Thursday, November 02, 2006

Moderate Democrats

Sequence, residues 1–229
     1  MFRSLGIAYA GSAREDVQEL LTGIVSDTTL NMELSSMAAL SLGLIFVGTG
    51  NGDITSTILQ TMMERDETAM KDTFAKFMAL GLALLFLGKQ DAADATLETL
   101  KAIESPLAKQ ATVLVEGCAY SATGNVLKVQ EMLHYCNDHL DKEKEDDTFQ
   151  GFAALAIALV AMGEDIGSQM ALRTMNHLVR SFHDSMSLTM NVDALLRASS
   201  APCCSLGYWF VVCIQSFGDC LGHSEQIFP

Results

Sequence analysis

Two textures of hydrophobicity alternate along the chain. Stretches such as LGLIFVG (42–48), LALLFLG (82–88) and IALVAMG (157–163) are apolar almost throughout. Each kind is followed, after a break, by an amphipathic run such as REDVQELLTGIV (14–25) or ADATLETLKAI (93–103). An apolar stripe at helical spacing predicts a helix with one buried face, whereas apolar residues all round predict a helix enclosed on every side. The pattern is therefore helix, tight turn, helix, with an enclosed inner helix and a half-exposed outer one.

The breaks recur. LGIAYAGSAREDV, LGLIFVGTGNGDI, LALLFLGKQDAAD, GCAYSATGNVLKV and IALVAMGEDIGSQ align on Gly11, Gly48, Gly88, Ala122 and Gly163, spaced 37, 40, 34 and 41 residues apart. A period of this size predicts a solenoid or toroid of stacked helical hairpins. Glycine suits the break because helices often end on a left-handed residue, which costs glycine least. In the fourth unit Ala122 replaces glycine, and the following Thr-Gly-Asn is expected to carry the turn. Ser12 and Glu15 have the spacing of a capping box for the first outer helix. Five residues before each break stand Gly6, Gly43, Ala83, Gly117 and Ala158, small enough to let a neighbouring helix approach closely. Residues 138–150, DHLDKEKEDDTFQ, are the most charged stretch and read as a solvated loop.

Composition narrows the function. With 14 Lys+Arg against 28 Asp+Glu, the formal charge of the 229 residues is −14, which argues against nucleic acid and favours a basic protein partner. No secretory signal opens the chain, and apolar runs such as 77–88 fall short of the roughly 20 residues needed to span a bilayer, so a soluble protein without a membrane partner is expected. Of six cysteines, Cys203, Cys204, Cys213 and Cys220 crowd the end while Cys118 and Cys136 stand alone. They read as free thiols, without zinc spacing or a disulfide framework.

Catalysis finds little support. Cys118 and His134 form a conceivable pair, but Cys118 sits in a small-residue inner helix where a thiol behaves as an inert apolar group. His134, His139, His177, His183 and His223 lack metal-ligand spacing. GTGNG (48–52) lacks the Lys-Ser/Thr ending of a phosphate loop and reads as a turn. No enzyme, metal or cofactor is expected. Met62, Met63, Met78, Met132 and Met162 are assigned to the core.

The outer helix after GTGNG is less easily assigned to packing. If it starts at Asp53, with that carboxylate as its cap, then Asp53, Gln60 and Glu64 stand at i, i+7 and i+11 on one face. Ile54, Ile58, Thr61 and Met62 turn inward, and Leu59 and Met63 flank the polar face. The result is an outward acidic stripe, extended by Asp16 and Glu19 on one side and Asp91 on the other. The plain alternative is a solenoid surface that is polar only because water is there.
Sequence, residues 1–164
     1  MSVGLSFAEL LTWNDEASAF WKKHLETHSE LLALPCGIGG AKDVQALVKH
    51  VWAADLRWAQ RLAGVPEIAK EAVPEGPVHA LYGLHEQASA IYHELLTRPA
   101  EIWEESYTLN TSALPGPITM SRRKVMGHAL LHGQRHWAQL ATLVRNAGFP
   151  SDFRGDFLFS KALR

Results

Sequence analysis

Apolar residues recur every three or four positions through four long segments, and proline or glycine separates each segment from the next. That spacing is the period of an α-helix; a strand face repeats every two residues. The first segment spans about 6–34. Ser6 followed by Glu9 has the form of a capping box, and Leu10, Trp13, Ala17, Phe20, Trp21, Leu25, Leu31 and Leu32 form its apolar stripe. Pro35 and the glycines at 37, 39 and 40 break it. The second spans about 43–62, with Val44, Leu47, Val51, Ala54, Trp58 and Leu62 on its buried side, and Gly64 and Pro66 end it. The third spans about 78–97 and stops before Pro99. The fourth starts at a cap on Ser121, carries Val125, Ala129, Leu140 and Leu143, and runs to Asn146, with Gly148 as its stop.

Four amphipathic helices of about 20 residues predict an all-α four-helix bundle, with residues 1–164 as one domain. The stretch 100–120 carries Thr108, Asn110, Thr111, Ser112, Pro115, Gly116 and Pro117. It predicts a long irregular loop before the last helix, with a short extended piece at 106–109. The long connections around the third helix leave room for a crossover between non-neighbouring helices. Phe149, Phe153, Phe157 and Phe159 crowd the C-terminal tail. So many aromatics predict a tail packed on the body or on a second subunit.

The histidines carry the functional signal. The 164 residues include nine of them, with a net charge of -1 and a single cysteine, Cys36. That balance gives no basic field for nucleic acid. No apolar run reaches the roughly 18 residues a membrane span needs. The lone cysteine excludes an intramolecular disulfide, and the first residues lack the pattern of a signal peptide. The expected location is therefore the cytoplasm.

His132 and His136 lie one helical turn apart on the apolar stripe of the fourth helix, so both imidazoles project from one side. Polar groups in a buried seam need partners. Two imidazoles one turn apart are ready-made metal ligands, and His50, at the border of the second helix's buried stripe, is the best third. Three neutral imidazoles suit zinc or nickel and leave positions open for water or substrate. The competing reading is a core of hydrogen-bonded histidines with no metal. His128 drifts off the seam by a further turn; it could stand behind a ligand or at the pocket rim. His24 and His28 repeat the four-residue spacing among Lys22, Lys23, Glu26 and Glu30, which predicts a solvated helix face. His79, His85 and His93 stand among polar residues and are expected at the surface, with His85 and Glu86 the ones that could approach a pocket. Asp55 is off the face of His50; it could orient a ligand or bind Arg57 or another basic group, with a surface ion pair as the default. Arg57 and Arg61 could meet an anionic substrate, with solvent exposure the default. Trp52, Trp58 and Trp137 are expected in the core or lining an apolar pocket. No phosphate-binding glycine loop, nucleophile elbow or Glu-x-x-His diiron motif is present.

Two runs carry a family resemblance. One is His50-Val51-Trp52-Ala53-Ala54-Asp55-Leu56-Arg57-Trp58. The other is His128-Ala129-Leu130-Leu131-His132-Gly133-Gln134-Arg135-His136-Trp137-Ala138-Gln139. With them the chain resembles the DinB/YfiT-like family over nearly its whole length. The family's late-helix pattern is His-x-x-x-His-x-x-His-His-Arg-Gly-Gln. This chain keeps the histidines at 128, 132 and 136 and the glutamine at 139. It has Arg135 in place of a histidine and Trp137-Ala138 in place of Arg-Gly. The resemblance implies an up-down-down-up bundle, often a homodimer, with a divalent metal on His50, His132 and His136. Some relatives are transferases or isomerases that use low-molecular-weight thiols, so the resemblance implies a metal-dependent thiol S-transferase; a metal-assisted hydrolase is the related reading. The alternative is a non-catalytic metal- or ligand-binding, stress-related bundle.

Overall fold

One theme likely to emerge from the elections is the rise of the 'moderate Democrat', the recruitment of candidates who market themselves as moderate such as Heather Shuler in North Carolina, or the 'Jesus-lovin' Harold Ford in Tennessee (for a bemused view of Ford from the left see here). Democrat stategists are encouraged by reports of defections of moderate Republican voters in Kansas and Washington, Oregon. Even although the Democrats will not depend on their majority for the south and this will be a change from pre-1994 electoral forces will pull them to the middle as Dave Oldenburg argues. How will factionalism play out in Congress? An indispensable guide is the National Journal 2005 Vote Rating that rank each member of Congress by how on average their voting behaviour is liberal or conservative across economic, social and foreign policy issues, a score of 90% for liberalism means that this member of Congress votes more liberally than 90% of his/her colleagues. In the run-up to the election I will use these rating to bring out lines of division and overlap. To start is economic and social liberalism correlated? Definitely yes according the chart that compares each memebr of the House of Representatives.


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